What Is Critical Theory?
Critical theory is an insidious ideology that has been embraced by left-leaning politics, media, education and religion. It is an umbrella for such concepts as social justice, multiculturalism, white privilege, institutional racism, wealth distribution, gender inequality, identity politics, etc. It displays itself along political lines, social lines, academic lines, and religious lines. It is most pronounced today in the partisan political battles between left and right. The modern ultra-progressive movement has embraced all the concepts and language of critical theory.
Critical Theory Concepts
Sometimes Disguised In
Comfortable and Familiar
But this ideology is rooted in Karl Marx’s writings about power being possessed by the elite few. These power structures must be criticized (critical theory) and torn down to make equality for all so as to make all people free. It was developed by a group of sociologists in Germany who referred to themselves as the Frankfurt School. How should Christians view this ideology and does it line up with the Bible?
Misrepresentations of a Critical Theorist
Critical theorists are driven by the desire to transform reality by liberating oppressed groups from the values, norms, systems, and structures which oppress them. Individual identity is inseparable from group identity. Our identity as an individual depends on whether or not we are part of an “oppressed group” or an “oppressor group.” This is determined by gender, race, ethnicity, or sexuality. For example, all men are part of a dominant, oppressor group, and all women are members of a subordinate, and consequently oppressed, group. In our culture, blacks, immigrants, the poor and LGBTQ+ community are the oppressed groups while whites, Americans, the wealthy and Bible-believing Christians are the oppressors.
Redemption For the Oppressor
According to modern critical theory our primary duty as human beings is to work for the liberation of oppressed groups. Those who are oppressors are primarily expected to listen, learn, express contrition, and follow direction. They only way an oppressor can make right all his wrongs is to engage in daily acts of penitence, acknowledge their privilege, actively reject that privilege, educating themselves about oppression, unite with oppressed groups, tweet about the right causes, join the right protests, like the right comments, support the right political candidates, etc. This is the only pathway of salvation for the oppressor.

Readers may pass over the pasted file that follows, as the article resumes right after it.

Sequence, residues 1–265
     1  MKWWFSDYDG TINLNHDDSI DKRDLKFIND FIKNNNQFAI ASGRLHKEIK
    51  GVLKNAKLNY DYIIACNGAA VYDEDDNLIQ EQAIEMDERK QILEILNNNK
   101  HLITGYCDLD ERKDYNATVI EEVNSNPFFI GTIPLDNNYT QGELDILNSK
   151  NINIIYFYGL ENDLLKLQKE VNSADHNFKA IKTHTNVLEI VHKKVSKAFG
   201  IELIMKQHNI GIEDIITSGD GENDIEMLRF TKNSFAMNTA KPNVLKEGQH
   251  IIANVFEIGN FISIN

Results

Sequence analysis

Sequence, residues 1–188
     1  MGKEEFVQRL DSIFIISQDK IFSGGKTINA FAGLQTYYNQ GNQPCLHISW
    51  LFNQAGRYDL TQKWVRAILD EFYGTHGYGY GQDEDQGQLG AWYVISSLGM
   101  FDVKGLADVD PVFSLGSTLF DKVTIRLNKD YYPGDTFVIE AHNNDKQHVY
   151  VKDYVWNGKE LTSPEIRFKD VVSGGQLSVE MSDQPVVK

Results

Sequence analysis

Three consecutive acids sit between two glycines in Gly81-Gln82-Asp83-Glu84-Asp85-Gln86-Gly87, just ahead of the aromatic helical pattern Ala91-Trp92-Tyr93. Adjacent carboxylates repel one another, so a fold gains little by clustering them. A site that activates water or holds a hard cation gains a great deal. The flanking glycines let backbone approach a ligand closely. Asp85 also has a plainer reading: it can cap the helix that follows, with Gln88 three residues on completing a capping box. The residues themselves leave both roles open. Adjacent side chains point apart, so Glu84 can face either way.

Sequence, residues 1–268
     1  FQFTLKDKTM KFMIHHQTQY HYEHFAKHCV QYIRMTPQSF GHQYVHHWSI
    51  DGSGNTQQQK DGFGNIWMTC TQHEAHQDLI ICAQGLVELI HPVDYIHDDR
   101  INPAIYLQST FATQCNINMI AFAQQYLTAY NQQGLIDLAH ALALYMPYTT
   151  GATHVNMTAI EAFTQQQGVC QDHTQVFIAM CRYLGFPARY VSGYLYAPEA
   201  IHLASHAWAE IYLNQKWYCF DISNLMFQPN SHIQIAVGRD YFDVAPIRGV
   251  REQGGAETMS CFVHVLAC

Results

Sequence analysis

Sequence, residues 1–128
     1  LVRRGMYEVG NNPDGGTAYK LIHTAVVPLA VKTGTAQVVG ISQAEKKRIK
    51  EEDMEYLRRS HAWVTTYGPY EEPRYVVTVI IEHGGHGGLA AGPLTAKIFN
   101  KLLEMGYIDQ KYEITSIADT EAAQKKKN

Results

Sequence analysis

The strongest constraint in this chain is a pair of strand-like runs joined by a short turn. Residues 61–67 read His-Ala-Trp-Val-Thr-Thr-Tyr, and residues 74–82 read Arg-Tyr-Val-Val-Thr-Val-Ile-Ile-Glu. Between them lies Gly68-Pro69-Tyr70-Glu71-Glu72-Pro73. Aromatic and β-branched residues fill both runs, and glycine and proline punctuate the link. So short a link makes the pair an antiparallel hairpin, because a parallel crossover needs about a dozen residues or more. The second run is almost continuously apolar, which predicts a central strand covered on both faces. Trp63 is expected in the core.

The Critical Theory Contradiction
But even from a secular perspective the basic assumptions of critical theory are false. Our society is a democratic republic where anyone can rise and fall based on their efforts, not based on oppressive structures. That is not to say that injustice does not occur, it certainly does, but America is the place where you can achieve anything no matter who you are. More importantly, critical theory is antithetical to Christianity. The foundation of critical theory is faulty from square one. People are not and should not be identified by groups.
We Are Made In The Image of God
People are made in the image of God and are individuals with unique individual identities (Genesis 1:26). We all belong to the human race and God is no respecter of persons (Acts 17:26). Oppression is the original sin of critical theory, but the Bible says that Adam’s transgression is the original sin (Romans 5:12). Critical theory says, salvation is standing with the right groups and promoting the right causes. But the Bible says that salvation is having our sins paid for by Jesus Christ’s death and resurrection (1 Peter 2:24). To critical theory the goal in life is to liberate the oppressed to make a real difference in society. But the Bible speaks of liberation from sin, death and hell (John 3:16; 5:24). We have the charter of freedom in Christ not in human ideology (John 8:32). To critical theory, advancement comes through political, social and religious revolution (as they define it), as oppressed groups get their rightful place in society. But the Bible speaks of advancement through the Kingdom of God (Matthew 6:33; Acts 1:8). When we seek righteousness as defined by the Bible not only do we please God, but others are affected for the better (Matthew 5:13). The role of the church is not to play around with false ideologies like this, but to preach the everlasting Gospel and make disciples that will impact the world for Christ.
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